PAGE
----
Internet services in Vietnam are now back to normal, as repairs of two faults on the Asia-Pacific Gateway (APG) undersea cable were completed on 27 June, VN Express writes. The system suffered a rupture at Section S9 linking Vietnam and Singapore in late April, while a second fault – at Section S1.7 – was reported on 23 May. The 10,400km system boasts a capacity of 54Tbps and connects eight countries and territories in the Asia-Pacific region.

South Korean network operator SK Telink is planning to upgrade its submarine network connections between Seoul (South Korea), Hong Kong and Los Angeles (US) with equipment from Ciena. SK Telink will leverage elements of Ciena’s Adaptive IP portfolio to create a converged packet network. The network operator will deploy Ciena’s 6500 Packet Transport System (PTS) as well as Manage, Control and Plan domain controller to create a high-speed packet transport infrastructure with automated control of lifecycle operations.

EllaLink is launching the EllaLink GeoLab which aims to provide the scientific community with data on seabed conditions, claiming that the initiative is ‘the first dedicated facility of its kind as part of a telecoms submarine cable’. The EllaLink GeoLab infrastructure will be provided by EllaLink in cooperation with EMACOM. Distributed Acoustic Sensing (DAS) Technology will be used on a dedicated fibre in the Madeira Branch of the EllaLink System. It will collect data along the route which will be optically transmitted back to the shore, thus making EllaLink ‘the first system to integrate SMART cable concepts’. When completed in 2021, the 10,119km-long system – deployed by Nokia’s Alcatel Submarine Networks (ASN) unit – will land at Sines in Portugal and at Praia Grande near Sao Paolo (Brazil), with branches to Fortaleza (Brazil), the Portuguese archipelago of Madeira and the island nation of Cape Verde.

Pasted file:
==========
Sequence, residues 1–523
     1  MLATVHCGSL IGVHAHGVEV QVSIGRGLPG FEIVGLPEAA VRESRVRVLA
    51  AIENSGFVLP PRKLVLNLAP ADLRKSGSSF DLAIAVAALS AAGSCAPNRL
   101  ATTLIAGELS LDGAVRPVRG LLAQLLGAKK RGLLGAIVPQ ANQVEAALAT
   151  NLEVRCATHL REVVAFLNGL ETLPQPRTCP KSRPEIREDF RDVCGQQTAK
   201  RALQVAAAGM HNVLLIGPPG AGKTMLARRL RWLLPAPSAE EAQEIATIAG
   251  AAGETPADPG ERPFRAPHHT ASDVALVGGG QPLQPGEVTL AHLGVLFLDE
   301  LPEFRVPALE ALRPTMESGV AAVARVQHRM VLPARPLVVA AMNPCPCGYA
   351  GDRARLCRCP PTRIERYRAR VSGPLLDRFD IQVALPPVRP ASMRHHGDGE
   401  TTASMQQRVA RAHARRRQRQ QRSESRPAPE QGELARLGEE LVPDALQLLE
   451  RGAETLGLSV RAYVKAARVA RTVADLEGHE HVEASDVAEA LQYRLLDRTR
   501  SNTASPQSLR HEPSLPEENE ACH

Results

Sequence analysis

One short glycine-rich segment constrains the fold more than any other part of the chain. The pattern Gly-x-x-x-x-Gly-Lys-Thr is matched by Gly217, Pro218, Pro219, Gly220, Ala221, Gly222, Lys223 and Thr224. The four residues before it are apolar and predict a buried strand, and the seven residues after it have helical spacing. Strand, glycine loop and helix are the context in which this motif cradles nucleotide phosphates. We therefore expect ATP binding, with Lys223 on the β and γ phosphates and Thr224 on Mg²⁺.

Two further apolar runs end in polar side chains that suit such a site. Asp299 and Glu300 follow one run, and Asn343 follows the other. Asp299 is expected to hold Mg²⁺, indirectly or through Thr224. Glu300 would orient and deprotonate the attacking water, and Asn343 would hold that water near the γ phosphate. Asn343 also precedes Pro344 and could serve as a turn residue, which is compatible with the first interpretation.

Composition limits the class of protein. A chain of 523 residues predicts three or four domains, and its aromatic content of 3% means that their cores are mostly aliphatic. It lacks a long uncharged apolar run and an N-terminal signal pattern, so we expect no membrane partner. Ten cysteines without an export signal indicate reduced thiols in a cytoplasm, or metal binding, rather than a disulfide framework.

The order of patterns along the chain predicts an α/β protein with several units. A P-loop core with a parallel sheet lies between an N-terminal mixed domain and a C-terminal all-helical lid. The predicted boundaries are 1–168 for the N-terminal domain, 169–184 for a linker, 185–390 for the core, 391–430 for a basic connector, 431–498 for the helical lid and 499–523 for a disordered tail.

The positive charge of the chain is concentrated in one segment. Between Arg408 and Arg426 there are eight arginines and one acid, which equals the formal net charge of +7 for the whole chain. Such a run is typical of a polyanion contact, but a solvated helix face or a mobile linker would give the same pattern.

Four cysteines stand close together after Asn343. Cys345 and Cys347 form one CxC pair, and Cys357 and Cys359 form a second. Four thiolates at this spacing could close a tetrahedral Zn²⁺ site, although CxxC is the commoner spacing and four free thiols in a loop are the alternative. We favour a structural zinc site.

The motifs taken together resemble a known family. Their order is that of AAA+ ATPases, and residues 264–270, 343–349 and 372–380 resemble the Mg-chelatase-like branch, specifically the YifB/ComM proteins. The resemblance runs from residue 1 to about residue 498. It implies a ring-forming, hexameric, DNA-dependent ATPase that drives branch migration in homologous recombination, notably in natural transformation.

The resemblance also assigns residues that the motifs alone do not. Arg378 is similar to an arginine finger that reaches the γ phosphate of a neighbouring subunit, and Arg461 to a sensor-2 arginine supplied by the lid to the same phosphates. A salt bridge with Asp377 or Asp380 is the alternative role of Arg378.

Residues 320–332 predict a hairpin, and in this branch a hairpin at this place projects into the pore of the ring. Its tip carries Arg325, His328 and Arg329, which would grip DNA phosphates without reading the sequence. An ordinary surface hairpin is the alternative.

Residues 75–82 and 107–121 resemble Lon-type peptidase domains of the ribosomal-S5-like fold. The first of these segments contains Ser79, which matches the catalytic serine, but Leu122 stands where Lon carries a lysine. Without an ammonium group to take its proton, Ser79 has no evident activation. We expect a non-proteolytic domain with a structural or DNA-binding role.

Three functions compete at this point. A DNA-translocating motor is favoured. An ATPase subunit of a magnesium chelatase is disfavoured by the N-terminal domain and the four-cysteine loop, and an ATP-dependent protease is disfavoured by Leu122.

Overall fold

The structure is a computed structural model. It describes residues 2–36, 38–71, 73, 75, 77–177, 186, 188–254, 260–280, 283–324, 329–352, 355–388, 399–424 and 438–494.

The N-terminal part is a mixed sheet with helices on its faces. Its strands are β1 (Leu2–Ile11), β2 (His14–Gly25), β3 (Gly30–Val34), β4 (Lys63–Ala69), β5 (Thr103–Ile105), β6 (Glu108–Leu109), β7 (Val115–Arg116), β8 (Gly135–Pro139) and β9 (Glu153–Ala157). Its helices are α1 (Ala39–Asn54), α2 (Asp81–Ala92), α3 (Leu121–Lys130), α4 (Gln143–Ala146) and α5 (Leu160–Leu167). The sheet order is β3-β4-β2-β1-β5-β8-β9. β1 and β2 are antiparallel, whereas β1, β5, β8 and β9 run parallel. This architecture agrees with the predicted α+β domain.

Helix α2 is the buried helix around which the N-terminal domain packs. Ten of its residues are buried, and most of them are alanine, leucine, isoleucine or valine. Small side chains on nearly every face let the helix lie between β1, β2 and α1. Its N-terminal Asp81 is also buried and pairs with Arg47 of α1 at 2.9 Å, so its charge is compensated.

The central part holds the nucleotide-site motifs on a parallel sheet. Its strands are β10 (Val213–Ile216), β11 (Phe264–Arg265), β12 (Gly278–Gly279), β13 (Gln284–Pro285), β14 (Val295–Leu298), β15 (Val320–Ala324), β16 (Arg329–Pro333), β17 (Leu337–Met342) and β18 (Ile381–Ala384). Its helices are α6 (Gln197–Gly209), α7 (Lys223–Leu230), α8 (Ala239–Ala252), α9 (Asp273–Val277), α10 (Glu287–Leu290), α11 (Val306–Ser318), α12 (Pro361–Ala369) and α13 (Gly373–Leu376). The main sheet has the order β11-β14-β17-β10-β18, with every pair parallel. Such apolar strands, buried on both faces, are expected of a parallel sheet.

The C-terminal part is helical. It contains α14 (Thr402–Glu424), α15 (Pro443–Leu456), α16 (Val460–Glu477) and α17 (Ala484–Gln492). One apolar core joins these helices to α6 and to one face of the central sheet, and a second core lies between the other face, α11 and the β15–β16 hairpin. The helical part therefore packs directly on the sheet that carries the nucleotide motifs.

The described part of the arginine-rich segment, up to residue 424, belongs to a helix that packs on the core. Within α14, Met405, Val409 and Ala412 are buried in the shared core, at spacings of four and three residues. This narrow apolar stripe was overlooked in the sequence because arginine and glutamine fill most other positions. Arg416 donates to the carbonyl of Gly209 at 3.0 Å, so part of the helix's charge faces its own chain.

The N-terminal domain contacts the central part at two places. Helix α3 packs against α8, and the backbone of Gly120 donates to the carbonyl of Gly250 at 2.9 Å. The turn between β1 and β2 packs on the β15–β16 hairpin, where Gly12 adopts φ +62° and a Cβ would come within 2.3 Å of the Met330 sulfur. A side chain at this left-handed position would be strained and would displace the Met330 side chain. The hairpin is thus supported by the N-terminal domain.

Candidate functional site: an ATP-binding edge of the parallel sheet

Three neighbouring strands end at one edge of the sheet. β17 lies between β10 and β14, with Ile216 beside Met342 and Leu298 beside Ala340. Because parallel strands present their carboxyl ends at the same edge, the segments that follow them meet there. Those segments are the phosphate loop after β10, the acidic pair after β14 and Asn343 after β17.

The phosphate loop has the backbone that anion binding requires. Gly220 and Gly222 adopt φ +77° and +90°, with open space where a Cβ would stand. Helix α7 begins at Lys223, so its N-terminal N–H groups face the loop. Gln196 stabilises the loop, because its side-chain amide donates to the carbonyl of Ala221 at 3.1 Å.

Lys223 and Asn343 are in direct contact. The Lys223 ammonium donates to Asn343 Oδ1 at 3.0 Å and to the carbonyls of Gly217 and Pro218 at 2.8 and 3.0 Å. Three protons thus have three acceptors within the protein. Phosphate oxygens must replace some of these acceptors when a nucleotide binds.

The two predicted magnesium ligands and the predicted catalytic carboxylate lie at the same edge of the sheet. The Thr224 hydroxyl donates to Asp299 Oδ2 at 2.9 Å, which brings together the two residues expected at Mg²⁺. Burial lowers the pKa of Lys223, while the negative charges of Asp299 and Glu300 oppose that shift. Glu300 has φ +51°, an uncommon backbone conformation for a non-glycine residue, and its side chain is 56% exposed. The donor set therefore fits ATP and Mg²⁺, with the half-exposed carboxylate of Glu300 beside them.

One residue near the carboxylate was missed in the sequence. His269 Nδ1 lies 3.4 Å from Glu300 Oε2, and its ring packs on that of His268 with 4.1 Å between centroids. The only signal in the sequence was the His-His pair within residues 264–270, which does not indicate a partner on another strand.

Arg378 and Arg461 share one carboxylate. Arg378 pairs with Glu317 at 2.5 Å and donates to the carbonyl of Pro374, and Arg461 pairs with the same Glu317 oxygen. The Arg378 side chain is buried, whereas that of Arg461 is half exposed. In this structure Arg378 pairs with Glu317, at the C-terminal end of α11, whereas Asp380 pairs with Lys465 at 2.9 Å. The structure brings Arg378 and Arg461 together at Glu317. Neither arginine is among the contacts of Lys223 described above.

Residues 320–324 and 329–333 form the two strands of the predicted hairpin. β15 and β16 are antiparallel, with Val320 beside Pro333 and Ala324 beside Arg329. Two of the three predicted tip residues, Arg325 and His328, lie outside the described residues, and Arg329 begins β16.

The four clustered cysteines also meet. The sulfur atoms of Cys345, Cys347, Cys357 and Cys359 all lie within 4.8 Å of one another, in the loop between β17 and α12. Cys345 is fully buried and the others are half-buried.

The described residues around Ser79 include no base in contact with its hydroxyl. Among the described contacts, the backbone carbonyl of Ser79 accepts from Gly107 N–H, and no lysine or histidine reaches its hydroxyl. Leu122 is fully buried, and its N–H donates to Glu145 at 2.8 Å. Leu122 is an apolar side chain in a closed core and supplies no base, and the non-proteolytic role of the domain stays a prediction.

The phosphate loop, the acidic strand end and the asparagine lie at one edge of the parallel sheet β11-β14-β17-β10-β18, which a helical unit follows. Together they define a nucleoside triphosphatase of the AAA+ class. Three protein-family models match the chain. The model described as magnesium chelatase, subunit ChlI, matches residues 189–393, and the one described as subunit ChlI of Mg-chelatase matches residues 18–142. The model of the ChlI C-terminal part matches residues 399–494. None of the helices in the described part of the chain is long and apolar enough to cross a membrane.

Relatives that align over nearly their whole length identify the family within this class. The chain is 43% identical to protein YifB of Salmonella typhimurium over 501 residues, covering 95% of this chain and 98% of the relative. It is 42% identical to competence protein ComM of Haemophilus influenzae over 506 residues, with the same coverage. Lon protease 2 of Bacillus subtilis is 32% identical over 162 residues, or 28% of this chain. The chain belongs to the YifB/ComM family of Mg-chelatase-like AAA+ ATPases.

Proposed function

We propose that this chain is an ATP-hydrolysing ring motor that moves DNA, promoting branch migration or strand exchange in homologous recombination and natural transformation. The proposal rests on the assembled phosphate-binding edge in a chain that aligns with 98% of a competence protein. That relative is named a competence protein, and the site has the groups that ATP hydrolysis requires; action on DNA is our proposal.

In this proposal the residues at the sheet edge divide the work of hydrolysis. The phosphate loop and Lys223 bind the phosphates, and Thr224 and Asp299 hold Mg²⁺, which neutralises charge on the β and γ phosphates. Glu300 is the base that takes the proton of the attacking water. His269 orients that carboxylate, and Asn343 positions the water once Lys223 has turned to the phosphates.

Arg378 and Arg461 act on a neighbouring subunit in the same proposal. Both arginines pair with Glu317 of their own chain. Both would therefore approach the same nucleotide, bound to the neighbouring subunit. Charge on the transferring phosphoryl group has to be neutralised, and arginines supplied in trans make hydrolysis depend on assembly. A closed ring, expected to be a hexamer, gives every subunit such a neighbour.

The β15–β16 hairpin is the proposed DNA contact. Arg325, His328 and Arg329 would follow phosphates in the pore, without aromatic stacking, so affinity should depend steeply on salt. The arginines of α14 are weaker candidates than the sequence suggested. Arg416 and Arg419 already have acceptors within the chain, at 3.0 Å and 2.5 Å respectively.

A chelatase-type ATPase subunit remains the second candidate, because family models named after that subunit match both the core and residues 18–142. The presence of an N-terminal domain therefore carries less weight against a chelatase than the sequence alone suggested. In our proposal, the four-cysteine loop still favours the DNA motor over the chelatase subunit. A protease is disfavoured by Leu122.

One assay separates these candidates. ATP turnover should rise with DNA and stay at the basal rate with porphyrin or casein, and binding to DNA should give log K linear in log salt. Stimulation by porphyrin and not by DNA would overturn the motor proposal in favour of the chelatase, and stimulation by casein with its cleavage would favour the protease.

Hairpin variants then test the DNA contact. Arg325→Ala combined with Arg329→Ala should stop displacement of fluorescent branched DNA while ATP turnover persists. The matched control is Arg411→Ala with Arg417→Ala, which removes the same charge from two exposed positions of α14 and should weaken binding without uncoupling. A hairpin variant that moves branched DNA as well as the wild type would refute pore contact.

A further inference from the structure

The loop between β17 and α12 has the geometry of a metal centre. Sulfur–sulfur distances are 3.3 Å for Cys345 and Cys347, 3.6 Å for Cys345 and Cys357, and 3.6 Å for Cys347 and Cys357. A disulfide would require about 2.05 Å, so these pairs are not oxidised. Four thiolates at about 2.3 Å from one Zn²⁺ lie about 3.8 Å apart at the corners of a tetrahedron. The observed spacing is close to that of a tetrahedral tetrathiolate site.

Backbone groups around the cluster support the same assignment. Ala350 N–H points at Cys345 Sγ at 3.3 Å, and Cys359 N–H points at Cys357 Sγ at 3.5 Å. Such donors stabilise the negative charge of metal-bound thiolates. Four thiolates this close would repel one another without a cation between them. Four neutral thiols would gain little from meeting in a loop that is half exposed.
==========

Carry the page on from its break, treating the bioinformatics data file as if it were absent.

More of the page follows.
Lastly, the National Information Technology Authority Uganda (NITA-U) has completed the construction of Phase Four of Uganda’s National Data Transmission Backbone Infrastructure and e-Government Infrastructure (NBI/EGI) Project, which is funded by the World Bank. Phase Four – launched in May 2019 – extended the backbone network by 842km, covering districts of Pakwach, Nebbi, Arua, Yumbe, Koboko, Adjumani, Katakwi and the border points of Oraba, Vurra and Mpondwe, providing new international connections to the neighbouring countries of South Sudan and the Democratic Republic of Congo (DRC). Under the first phase of the NBI project, 198km of fibre was deployed between the capital Kampala, Mukono, Jinja, Bombo and Entebbe, while the second phase saw 1,400km rolled out between Busia, Tororo, Mbale, Malaba, Kumi, Soroti, Lira, Gulu, Elegu, Masindi, Kyenjojo, Fort Portal, Kasese, Bushenyi and Mbarara. The third phase, completed in December 2016, comprised the routes Masindi-Hoima-Kyenjojo, Kampala-Masaka-Mbarara-Katuna (on the border with Botswana) and Masaka-Mtukula (on the border with Tanzania). In addition, NITA-U is planning to deploy a further 2,000km of proposed routes under the fifth phase of the NBI/EGI programme, described as being ‘under funding review’. In February 2020, the ICT ministry reportedly secured USD150 million from the Export-Import Bank of China to implement Phase Five of the NBI.

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Hong Kong, Japan, Montserrat, Philippines, South Korea, Uganda, United States, Vietnam, Alcatel Submarine Networks (ASN), AT&T (old), Federal Communications Commission (FCC), KT Corp, KT Submarine Co, National Information Technology Authority Uganda (NITA-U), Nokia Networks (formerly NSN), SK Telink (7Mobile), SubCom